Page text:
Quick on the heels of the debut of the 2016 Cadillac CT6 at the 2015 New York Auto Show, Cadillac has announced it will add another drive train to its newest flagship – a Plug-In Hybrid Electric.
With an estimated 335 hp on tap and 432 lb/ft of torque, the PHEV is expected to have more than double the fuel economy of the gasoline powered engines.
The CT6 will utilize all-electric power for tottling around town, but will bring combined power from the gasoline engine and battery at higher speeds or when quick acceleration is called for.
An 18.4 kWh lithium-ion battery pack is located between the rear seat and the trunk. No word on the final weight of the car, but the traditional CT6 is relatively light for its size. The addition of batteries will more than likely bring the weight more in line with the competitors.
The battery system can be charged using a 120V or 240V charger. Range estimates will be provided closer to U.S. launch of the PHEV option.
The CT6 PHEV will have an all-new rear wheel electric variable transmission (EVT). Combined with exclusively designed motors, Cadillac promises smooth and spirited acceleration.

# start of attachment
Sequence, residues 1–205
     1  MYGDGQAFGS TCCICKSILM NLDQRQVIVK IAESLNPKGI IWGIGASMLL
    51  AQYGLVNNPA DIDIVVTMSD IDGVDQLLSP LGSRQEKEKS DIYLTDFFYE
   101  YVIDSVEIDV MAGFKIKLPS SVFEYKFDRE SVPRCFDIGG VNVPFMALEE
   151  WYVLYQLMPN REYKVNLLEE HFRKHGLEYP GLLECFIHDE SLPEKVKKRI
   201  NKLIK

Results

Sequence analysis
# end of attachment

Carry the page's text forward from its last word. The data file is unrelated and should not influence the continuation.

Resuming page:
The two-motor EVT also uses three planetary gears and is mated to a 2.0L turbo 4-cylinder engine with spark-ignited direct injection and variable valve technology. The use of a two-motor system provides smooth and seamless power through the entire driving range.
Other tricks include regenerative braking and Regen-on-Demand. This system allows the driver to temporarily regenerate energy from vehicle momentum into electricity and store in the battery pack for later use.
Cadillac claims that Regen-on-Demand supports a more engaging driving experience by slowing the vehicle when entering a turn to better position it on the exit, much like downshifting with a manual transmission. Regen-on-Demand is engaged via steering-wheel paddles adapted from traditional performance cars.
Regen-on-Demand seems like a key feature in getting the enthusiast market into a hybrid. It will be interesting to see how it behaves in real-life driving situations.
Additionally, the CT6 PHEV will have three driving modes: Normal, Sport, and Hold. Normal is designed for your everyday driving, maximizing the EV range and fuel economy. Sport gives drivers a more aggressive ride with heavier steering. Hold allows owners to reserve the remaining battery charge of the CT6 PHEV for later. Essentially, drivers can save their battery juice for city driving, where the CT6 EV mode operates most efficiently.
Check out this Everything You Ever Wanted to Know video about the traditionally powered 2016 Cadillac CT6 from the New York Auto Show.